Emergency preparedness was among the many topics discussed during the first annual U.S. News Hospital of Tomorrow Forum, held in Washington, D.C., in November. In a keynote panel moderated by U.S. News & World Report Executive Editor Margaret Mannix, health industry executives described how their hospitals coped with crises like the Boston Marathon bombing and Superstorm Sandy and shared the lessons they learned from dealing with those disasters.
Anthony E. Shorris, senior vice president, vice dean, and chief of staff at NYU Langone Medical Center in New York, described what happened at his hospital as Sandy made landfall in 2012.
"Within about an hour, 15 million gallons of contaminated water came into the basement of the hospital," he recalled. "The water was of such force that it bent metal doors and toppled bricks and other things that had been put in place, and crashed from building to the next -- the basements are all interconnected. It began to knock out infrastructure for the hospital, eventually leaving the hospital without power or light."
Other area hospitals ended up taking on patients as the storm overwhelmed the city.
"Our response was more about patient surge, and how we were going deal with and handle taking in many of these evacuees," explained Jeffrey Bokser, vice president for safety, security and emergency services at New York-Presbyterian Hospital. "Hurricane Sandy tested all aspects of our emergency response plan... situations and scenarios that we had only discussed at tabletop exercises became a reality."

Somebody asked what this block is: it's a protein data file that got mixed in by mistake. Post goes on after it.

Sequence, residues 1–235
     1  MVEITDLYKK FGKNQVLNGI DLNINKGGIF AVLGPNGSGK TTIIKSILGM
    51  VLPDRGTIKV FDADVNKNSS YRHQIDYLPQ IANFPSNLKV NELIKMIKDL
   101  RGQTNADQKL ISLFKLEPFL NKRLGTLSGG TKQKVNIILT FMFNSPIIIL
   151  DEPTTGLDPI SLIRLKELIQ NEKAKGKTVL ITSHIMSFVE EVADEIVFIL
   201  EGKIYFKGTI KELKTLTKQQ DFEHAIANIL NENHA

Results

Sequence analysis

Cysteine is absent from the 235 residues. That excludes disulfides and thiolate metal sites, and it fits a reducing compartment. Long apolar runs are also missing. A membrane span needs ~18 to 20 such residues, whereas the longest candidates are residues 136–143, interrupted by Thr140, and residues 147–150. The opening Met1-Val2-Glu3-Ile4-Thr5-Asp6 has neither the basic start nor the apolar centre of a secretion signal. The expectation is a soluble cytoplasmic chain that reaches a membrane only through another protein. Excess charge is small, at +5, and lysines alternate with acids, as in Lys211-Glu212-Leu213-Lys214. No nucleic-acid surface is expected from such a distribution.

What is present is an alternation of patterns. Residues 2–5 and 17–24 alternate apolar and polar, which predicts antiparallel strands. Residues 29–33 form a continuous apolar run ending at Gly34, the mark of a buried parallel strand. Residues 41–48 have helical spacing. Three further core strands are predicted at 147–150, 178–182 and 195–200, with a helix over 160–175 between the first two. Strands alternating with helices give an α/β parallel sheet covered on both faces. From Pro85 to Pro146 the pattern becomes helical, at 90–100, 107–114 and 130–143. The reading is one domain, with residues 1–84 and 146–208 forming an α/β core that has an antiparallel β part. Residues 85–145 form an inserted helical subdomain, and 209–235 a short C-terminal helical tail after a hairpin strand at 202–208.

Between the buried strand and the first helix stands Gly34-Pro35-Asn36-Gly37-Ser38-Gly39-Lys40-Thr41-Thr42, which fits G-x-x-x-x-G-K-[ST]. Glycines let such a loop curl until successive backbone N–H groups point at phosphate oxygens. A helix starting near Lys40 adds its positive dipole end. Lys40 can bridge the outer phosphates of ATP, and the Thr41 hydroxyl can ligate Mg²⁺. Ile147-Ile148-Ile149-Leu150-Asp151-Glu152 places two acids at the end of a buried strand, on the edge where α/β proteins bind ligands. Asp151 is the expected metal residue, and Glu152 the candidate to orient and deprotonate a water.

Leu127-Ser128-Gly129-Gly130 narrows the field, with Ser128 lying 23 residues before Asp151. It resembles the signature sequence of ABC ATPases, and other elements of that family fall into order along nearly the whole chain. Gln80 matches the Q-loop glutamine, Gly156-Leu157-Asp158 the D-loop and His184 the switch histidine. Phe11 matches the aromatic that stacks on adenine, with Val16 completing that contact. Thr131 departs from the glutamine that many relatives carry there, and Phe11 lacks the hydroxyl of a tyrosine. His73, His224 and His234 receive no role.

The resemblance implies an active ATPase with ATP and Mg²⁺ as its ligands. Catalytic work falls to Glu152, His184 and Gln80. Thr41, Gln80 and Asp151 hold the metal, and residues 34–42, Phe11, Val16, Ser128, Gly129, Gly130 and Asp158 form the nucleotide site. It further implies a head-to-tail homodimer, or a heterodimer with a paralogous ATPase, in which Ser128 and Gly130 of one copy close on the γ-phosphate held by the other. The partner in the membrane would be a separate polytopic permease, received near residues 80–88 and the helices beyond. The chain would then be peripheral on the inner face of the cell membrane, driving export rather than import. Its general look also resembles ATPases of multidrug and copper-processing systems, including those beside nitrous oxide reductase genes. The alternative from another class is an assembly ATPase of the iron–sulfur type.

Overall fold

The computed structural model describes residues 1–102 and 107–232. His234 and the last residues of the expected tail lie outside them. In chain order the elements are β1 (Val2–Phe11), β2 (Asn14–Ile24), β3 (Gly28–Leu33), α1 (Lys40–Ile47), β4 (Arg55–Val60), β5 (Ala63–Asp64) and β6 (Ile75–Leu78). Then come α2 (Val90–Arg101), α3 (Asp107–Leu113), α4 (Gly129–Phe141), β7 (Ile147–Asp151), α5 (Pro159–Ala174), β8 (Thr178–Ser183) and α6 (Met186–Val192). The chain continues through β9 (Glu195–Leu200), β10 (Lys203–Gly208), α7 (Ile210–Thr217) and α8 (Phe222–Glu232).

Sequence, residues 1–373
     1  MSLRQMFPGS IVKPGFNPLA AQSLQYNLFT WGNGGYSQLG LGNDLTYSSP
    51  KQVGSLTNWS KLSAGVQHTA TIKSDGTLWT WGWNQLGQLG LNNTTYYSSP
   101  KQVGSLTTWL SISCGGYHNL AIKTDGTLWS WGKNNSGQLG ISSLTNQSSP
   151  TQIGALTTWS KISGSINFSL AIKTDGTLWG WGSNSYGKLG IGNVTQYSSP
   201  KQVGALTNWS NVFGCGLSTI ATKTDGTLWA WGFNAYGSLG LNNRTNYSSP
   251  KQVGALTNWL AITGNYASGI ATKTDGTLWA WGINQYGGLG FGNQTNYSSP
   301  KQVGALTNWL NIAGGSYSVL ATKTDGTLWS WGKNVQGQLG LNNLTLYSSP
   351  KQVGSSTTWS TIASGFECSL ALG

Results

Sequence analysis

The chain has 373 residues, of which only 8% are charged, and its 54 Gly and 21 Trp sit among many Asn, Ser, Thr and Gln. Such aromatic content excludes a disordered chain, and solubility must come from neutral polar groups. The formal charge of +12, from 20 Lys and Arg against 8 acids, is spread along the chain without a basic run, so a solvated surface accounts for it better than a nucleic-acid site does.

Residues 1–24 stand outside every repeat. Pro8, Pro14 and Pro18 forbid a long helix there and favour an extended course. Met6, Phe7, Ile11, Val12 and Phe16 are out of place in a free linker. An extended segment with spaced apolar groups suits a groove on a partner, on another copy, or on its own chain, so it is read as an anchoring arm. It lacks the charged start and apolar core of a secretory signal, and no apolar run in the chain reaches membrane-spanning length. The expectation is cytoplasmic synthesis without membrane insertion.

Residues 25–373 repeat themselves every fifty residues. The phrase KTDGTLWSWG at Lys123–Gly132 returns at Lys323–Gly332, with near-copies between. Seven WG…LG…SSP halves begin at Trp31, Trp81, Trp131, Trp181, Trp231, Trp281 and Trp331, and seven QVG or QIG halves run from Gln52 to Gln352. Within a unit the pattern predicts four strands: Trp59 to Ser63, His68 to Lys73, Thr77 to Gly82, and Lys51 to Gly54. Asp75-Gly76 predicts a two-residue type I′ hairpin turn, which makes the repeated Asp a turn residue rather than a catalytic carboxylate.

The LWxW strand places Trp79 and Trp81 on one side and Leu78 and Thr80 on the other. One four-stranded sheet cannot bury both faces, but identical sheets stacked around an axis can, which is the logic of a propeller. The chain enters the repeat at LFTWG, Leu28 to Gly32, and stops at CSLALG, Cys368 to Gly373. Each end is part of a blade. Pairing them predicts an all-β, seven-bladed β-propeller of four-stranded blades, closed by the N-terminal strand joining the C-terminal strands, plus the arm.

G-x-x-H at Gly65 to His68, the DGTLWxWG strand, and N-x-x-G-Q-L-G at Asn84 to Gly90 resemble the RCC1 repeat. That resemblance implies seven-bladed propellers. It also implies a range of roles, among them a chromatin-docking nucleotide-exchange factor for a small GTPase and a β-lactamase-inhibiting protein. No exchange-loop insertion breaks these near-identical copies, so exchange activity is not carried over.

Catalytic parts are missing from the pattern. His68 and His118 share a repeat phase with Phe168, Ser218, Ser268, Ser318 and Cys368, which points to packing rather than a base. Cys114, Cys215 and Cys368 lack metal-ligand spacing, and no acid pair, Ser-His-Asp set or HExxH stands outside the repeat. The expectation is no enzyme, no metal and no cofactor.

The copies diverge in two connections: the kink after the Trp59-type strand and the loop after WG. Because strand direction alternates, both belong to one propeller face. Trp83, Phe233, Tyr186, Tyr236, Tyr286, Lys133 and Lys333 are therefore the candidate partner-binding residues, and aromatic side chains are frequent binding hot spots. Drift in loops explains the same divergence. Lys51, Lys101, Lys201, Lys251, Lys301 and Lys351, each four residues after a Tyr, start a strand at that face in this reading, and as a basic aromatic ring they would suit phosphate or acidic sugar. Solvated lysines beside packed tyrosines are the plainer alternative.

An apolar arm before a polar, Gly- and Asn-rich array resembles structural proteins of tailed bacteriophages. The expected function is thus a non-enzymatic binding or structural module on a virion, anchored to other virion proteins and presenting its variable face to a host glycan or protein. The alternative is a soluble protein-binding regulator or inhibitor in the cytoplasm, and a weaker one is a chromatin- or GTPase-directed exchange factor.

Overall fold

Shorris, who said he has been through other disasters in other settings, pointed out that there are really two types of crises hospitals need to consider.
"There are disasters and crisis that you have notice of, and disasters and crisis that you have no notice of," he said.
Terrorist attacks are one example of the former. Dr. Eric Goralnick, medical director of emergency preparedness at Brigham and Women's Hospital, recounted the situation in Boston during the Boston Marathon Bombings.
"The morning of April 15th, 2013, we rounded in our emergency department in our hospital to prepare our staff for what we typically would expect from marathon injuries -- dehydration, blisters, etc," he said. Instead, the ER ended up going "Code Amber," building capacity in all departments to accommodate survivors of a terrorist attack. "The first patient went into surgery 26 minutes after they arrived at Brigham and Women's Hospital," he said, describing how his team created primary and secondary triage areas and readied operating rooms in record time.
Hospitals face unique challenges when it comes to dealing with both types of disasters.
"When hospitals prep for disasters, they tend to not focus on dealing with multiple problems simultaneously," Shorris said. "Too often our planning is about one really bad thing happening. In our case, we would have been OK if there'd been a blackout. We might have been OK if there had been a flood. But when there's a blackout and a flood it adds a different setting of complexity."
"Because crises are by nature activities that exceed the capacity of an organization to handle -- because if actually an organization could handle them then they really wouldn't be a crisis -- that means that the sinews of an organization, which is it's communication ability, are the most important things," he added. "Because you can't possibly plan for all the things that are going to happen."
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